A complainant’s unexplained delay in prosecuting a claim under the UDRP is not generally prejudicial to its relief, except where in the interim “the lapse of time coupled with the existence of circumstances … make it inequitable to enforce a claim,” Pamela Anderson v. Alberta Hot Rods, D2010-1144 (WIPO September 8, 2010). This is an elementary principle, but 13 years calls for an explanation. The existence of circumstances must necessarily be taken into account, as it is, for example, when the respondent proves a defense under paragraph 4(c)(i) of the Policy: “before any notice to you of the dispute, [you have] use[d] … or [made] demonstrable preparations to use, the domain name or a name corresponding to the domain name in connection with a bona fide offering of goods or services.”
In Pamela Anderson the majority rejected the respondent’s “circumstances” argument; the dissent did not and this raises an interesting issue about unexplained (lengthy) delays. The dissenting panelist in Pamela Anderson and other decisions has been pressing his colleagues to reconsider their view about the application of laches to a UDRP proceeding. But so far his is a voice in the wilderness. He states that “unexplained delays … should be taken into account.” That view, however, is not controversial. He even agrees with the majority if I put back in the language that I left out: “during which rights have been allowed to accumulate.” The difference is that the majority has one view of the circumstances and the dissent another.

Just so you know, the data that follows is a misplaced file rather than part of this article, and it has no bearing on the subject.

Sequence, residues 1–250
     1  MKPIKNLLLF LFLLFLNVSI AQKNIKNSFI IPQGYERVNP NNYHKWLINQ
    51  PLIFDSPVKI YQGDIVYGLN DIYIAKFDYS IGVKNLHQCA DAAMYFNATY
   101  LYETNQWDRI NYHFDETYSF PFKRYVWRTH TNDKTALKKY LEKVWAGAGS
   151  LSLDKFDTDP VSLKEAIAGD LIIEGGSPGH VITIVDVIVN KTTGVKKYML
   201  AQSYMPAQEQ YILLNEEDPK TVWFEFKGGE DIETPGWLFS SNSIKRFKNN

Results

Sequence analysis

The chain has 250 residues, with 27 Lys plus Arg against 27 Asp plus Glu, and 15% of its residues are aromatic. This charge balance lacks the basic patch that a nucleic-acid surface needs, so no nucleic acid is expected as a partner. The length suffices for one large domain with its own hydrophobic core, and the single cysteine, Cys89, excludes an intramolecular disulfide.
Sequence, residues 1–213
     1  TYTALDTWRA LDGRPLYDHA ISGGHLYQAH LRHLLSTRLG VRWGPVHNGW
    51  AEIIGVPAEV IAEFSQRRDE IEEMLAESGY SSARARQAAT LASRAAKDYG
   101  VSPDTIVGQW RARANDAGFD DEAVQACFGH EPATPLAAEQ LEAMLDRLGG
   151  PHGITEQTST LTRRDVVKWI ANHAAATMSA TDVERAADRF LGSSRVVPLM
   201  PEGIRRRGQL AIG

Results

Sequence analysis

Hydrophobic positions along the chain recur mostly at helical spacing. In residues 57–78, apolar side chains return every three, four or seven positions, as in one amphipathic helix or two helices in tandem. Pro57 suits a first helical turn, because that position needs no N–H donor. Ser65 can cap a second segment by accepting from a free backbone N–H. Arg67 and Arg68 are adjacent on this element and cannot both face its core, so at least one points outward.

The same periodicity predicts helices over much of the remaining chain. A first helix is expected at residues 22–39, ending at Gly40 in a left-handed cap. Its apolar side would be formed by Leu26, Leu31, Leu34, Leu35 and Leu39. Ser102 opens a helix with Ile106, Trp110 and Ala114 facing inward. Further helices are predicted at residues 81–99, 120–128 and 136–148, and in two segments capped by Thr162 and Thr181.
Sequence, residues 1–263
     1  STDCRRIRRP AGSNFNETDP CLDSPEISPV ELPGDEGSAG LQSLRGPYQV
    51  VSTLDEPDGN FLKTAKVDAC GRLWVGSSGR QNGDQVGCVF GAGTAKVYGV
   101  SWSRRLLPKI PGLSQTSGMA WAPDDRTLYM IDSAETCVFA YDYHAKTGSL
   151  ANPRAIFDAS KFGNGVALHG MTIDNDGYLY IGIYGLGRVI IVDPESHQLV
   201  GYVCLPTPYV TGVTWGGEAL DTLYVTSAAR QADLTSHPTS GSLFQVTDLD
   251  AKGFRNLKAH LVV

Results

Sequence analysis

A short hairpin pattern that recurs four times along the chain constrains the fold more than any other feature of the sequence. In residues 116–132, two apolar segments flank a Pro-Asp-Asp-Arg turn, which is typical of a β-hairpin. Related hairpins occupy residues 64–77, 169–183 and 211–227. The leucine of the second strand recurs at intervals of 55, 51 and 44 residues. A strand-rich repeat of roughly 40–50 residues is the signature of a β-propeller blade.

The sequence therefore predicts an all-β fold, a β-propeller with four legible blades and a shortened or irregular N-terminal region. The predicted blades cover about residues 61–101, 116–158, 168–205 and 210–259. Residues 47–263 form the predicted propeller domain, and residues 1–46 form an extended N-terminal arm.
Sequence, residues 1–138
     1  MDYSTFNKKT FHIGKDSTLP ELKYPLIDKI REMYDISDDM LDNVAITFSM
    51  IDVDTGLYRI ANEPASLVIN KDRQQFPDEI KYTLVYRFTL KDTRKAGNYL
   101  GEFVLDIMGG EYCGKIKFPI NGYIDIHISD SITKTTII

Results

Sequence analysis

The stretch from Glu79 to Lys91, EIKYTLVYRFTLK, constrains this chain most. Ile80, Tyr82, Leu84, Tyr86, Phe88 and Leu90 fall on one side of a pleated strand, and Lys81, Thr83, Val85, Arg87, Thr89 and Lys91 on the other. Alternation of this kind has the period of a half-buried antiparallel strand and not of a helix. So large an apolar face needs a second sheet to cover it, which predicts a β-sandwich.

The dissent points out that there is a genuine issue as to whether “Pam Anderson” is confusingly similar to “Pamela Anderson,” although (as he concedes) the complainant met the “generally applied test for determining if a celebrity has acquired a common law trademark.” The real focus in terms of “circumstances” (raising, as it were, a triable issue) is whether the Respondent had rights or legitimate interests in the domain name. The Respondent’s paragraph 4(a)(ii) rebuttal argued that although the domain name was currently inactive it had “used the disputed domain name in connection with various websites in the past.” Exactly what proof the Respondent offered for past use is murky and clearly inadequate, but a website featuring “biographical information about various famous personalities, dead or alive” is not improbably making a bona fide offering of services.
On this issue, the majority found that the “unsupported arguments of the Respondent do not suffice to rebut the Complainant’s prima facie case, let alone positively establish rights or legitimate interests under the Policy.” Indeed, the dissent appears to recognize this problem: “if the Respondent’s proof is inadequate, that has been brought about by the inordinate delay of the Complainant in bringing this claim, a delay that she has not explained, despite the issue’s having been squarely raised in the Response.” However, it does not appear that the Respondent submitted any historical snapshots of the website or make any attempt to support its argument for a right or legitimate interest. The absence of proof a party would be expected to offer supports an inference that it has none. The Respondent’s history of cybersquatting does not help its credibility; its denials therefore have less weight.
Nevertheless, the dissent’s point is not without merit. “Pam” is not “Pamela” and the Complainant’s trademark is for PAMELA ANDERSON not “Pam Anderson.” More importantly, on the paragraph 4(a)(ii) and (iii) requirements, an explanation for the delay is not unreasonable burden in weighing the parties’ rights. “If it is difficult for the panel to be conclusive about the issue [of bade faith] in the light of what has happened in the last 13 years, as it is, that result has been brought about by the delay itself and the delay has been occasioned by the Complainant. In those circumstances, any doubt on the issue of the legitimacy of the disputed domain name should be resolved against the Complainant.” Resolved against the Complainant because it is she who has the burden of proof that the domain name was registered in bad faith.